Saturday, November 1, 2008

Educators Applaud the Quiet Time Program


On October 16, the National Summit on Student Health and Education was held in New York City. Over 375 educators, government leaders, and philanthropists attended the Summit, which highlighted the benefits of 35 years of scientific research and classroom experience with the Quiet Time Transcendental Mediation program. Over 85 schools have already signed up to start the program.

Highlighted in this second of a two-part report on the Summit are comments from several of the principals, assistant principals, and students who spoke during the Summit:

George H. Rutherford II, Ph.D., a 44-year educator in Washington, D.C. and the current principal of Ideal Academy Public Charter School, where every student from grades 6 to 12 meditates, said that when the students began to meditate together, they “got along better with one another, attendance improved, and academic achievement went up.

Fights, behavior incidents, and suspensions went down.”

Rochelle Jones, Ed.D., assistant principal at Weaver High School in Hartford, Connecticut, first introduced the program to a small group of students. When the English, Math, and Science scores of the test group went up, she implemented it school-wide. Since then, 500 students and teachers have learned the Transcendental Meditation® technique.

“Kids tell me they appreciate the program and now they are excited to come to school,” she says.

Joseph Thomas, a senior at Weaver High School, explained that the Transcendental Meditation technique improves his athletic performance, gives him more energy for training, and helps him calm down after football practice.

“The TM program minimizes the craziness in the school.”

Angela Dunnham, president of the senior class in Weaver High School, described how during the practice of the Transcendental Meditation program the noise and distractions of her environment magically disappear.

“Weaver is becoming a more harmonious place as a result of students regularly practicing the TM program.”

Nancy Spillane, head of Lowell Whiteman Primary School in Steamboat Springs, Colorado, saw a video segment on the NBC Today Show about the success of the Quiet/Time Transcendental Meditation program in Detroit. “I thought if I didn’t look into it, I might be doing a disservice to our children,” she says. The school incorporated the Quiet Time into the school curriculum by cutting back just a few minutes of each class period. “Now the teachers wouldn’t want that time back: students’ concentration and attention increased and discipline issues decreased.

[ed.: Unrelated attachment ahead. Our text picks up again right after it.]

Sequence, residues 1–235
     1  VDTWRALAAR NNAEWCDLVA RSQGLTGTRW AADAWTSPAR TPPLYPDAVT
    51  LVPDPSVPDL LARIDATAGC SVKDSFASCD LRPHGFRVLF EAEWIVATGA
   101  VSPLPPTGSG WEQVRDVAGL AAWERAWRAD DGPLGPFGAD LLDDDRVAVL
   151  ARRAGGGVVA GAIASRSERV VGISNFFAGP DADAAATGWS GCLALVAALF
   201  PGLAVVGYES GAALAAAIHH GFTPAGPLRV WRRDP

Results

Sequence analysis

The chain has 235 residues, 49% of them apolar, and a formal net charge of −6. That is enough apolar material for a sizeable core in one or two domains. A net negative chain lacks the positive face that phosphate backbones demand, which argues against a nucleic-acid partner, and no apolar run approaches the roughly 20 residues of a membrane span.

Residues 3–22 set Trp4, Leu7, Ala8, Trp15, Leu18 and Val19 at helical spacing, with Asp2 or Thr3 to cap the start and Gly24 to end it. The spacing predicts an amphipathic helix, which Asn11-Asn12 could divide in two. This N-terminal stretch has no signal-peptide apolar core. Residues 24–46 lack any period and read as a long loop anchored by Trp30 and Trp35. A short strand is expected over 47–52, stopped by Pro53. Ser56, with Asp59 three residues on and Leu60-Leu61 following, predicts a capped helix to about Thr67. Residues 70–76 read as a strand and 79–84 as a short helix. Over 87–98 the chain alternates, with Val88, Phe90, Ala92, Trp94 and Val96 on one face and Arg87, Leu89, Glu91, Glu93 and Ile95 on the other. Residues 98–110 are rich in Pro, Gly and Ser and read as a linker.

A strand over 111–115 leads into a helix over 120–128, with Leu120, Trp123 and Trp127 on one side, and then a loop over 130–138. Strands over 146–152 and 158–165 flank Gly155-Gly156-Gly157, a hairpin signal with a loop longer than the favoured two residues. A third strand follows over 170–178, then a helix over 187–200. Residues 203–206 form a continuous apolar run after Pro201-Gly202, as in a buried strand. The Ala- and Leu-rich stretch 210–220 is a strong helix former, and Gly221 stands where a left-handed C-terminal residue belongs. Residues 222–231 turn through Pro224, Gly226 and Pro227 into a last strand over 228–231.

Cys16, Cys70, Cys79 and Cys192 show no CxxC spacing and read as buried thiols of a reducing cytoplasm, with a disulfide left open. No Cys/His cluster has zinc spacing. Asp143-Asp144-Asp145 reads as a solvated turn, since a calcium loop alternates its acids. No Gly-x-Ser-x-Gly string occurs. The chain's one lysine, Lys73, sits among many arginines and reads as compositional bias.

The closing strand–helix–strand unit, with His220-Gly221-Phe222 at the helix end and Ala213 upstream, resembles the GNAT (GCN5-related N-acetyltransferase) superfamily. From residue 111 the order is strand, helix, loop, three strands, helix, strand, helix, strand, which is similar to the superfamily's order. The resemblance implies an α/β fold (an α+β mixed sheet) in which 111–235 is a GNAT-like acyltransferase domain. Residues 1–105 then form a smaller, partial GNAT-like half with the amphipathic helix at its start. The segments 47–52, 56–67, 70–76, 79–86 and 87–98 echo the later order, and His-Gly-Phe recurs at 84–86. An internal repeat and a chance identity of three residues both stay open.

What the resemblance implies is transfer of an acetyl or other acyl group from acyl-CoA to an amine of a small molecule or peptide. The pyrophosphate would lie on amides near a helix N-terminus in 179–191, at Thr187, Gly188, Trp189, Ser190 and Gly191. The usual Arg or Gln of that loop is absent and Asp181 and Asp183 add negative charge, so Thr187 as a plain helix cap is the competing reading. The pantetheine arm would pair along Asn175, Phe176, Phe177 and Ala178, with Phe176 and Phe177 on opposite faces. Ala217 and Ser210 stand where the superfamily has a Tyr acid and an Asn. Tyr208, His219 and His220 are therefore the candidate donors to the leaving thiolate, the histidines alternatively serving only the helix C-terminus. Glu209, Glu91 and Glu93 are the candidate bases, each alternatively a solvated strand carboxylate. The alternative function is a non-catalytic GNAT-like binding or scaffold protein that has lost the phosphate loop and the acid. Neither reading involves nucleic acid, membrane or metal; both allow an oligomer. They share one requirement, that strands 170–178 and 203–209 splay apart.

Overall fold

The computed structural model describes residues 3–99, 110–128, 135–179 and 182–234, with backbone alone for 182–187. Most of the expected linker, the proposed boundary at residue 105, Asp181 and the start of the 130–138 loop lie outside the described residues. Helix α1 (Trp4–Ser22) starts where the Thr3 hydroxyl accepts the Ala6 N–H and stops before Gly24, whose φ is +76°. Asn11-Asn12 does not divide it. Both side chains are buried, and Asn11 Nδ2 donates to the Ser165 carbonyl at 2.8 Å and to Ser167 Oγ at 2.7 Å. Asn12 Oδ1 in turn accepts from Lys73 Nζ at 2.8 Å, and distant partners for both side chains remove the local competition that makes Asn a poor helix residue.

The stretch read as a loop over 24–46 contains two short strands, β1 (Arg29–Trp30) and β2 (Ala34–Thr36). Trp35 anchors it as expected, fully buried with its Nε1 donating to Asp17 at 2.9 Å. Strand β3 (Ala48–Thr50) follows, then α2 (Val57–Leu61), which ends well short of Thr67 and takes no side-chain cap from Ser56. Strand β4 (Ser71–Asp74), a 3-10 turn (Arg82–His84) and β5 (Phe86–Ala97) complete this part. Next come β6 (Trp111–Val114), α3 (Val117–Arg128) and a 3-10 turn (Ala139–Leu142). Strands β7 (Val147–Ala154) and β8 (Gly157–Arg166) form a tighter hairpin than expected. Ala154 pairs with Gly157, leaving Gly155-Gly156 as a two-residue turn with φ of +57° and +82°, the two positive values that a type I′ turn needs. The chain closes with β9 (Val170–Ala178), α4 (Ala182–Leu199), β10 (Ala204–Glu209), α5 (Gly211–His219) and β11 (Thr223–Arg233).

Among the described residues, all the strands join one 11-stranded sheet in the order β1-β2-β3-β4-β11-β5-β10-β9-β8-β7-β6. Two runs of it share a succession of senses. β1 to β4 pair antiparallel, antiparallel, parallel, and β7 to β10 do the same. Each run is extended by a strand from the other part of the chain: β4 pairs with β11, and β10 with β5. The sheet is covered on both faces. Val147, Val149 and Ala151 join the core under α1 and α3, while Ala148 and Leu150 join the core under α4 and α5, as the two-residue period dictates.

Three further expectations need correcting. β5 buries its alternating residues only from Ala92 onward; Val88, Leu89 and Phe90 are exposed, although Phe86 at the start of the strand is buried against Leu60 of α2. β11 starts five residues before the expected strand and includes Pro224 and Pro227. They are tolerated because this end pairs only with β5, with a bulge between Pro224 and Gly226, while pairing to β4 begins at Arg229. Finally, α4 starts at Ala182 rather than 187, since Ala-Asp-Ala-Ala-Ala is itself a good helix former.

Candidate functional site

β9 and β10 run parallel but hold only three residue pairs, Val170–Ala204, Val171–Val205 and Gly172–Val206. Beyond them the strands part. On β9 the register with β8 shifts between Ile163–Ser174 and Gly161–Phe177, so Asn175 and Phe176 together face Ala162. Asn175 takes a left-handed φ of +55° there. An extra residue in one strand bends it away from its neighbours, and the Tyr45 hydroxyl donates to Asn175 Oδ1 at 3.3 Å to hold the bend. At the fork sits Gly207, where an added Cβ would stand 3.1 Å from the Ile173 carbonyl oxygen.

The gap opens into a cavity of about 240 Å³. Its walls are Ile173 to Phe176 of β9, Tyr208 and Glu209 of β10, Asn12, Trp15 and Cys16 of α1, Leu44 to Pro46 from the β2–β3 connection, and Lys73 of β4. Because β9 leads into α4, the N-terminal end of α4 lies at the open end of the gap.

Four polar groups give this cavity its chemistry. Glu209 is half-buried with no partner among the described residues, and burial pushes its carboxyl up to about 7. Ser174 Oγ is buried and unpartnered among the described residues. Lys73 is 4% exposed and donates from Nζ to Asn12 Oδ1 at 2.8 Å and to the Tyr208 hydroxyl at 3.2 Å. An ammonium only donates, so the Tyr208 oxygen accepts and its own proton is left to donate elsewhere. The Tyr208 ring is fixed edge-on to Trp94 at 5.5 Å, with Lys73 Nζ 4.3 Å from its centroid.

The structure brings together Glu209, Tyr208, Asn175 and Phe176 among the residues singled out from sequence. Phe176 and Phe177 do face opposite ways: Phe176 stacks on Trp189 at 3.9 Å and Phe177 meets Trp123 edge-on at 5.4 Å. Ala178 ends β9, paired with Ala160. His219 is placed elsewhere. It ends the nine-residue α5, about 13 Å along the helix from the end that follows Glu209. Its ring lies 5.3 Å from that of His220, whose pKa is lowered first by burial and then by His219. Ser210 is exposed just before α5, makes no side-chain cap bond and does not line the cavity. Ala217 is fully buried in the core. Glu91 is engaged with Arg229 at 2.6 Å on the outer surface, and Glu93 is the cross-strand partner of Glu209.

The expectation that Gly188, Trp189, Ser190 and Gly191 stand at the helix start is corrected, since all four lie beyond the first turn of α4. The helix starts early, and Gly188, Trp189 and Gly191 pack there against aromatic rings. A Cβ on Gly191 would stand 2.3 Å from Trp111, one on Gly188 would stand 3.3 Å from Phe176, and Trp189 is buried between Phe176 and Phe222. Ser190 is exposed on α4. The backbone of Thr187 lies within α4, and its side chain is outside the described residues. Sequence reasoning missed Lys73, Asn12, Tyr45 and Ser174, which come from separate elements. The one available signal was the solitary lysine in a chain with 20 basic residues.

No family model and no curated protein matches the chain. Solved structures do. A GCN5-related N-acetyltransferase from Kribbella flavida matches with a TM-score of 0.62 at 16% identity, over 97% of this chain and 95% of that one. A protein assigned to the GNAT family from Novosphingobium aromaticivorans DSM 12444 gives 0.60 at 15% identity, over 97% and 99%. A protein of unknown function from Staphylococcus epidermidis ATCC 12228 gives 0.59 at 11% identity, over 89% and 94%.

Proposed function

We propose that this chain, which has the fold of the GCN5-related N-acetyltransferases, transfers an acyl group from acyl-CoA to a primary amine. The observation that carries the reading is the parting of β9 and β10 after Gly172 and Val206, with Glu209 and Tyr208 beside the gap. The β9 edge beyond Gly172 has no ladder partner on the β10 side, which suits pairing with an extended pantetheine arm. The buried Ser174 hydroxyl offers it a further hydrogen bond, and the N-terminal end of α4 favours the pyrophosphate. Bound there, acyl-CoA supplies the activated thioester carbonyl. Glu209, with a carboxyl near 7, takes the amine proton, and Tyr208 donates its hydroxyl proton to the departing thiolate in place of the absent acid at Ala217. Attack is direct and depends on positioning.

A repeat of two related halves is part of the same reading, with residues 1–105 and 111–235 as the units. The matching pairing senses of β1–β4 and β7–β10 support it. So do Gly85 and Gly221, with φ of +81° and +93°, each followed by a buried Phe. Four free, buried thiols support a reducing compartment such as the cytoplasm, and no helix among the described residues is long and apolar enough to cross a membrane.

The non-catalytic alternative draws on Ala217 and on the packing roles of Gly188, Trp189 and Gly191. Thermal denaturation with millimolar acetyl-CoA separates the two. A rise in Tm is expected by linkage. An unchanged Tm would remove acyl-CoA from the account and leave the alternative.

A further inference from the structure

In one year, all the teachers, as well as several board members and parents learned the Transcendental Meditation program.”

James Dierke, principal of Visitacion Valley Middle School in San Francisco and national middle school principal of the year in 2008, found “a tremendous happiness” in his school. “Student and teacher absences have been reduced, and the general attitude of the school has improved greatly since we started the Quiet Time activities.”

Ashley Deans, Ph.D., director of international programs for the Committee for Stress-Free Schools who also served for 18 years as the principal of the Maharishi School of the Age of Enlightenment, explained that the TM® technique is key to the educational process because,

“Only the experience of inner silence gained during the practice of the Transcendental Meditation technique develops the whole brain.”

To view the Summit in its entirety, please visit

For more information about the expansion of the Transcendental Meditation program in education, see

Tuesday, October 21, 2008

Maharishi University students are changing the world!

Sustainability Students are transforming campus and student life at Maharishi University of Management and soon will be making a big difference in the way our world works from now on! Three students discuss the Sustainability Program in the following press release:

Alex Cequea — Marketing Sustainability and Consciousness Major

Alexander Cequea, was raised in Venezuela and attended the University of Houston. But in Spring of 2006, he visited M.U.M. during the first David Lynch Weekend and enrolled that fall. “I was looking for an education that would bring more personal growth,” he says. “When I started meeting the students and faculty I immediately knew I was in the right place.”

“What we're doing at M.U.M., creating collective peace and radiating it to the world, is truly revolutionary. I feel blessed to have found this university, an oasis of consciousness.”

Along with M.U.M. students Troy van Beek and Robbie Gongwer, Alex formed a green consulting and media company called The Tidal Wave Group, with the motto: Navigating environmental sustainability and consciousness.

Tidal Wave offers businesses consultations on sustainability. Using marketing techniques, such as networking and blogging, the firm helps businesses tap into the areas of the Internet where consumers interact with each other and create a buzz about their product.

Alex is editor-in-chief of Conscious Times, MUM’s student newspaper. He will graduate this year and plans to enroll in MUM’s MBA in Sustainability.

Elisabet Humble — Sustainable Living Program

Elisabet Humble was on her way to a paralegal degree in Texas when she found out about Maharishi University of Management. Intrigued by the University’s holistic approach to education and the deeper element of consciousness, Elisabet attended a Visitors Weekend in July of 2007 and three weeks later her she enrolled.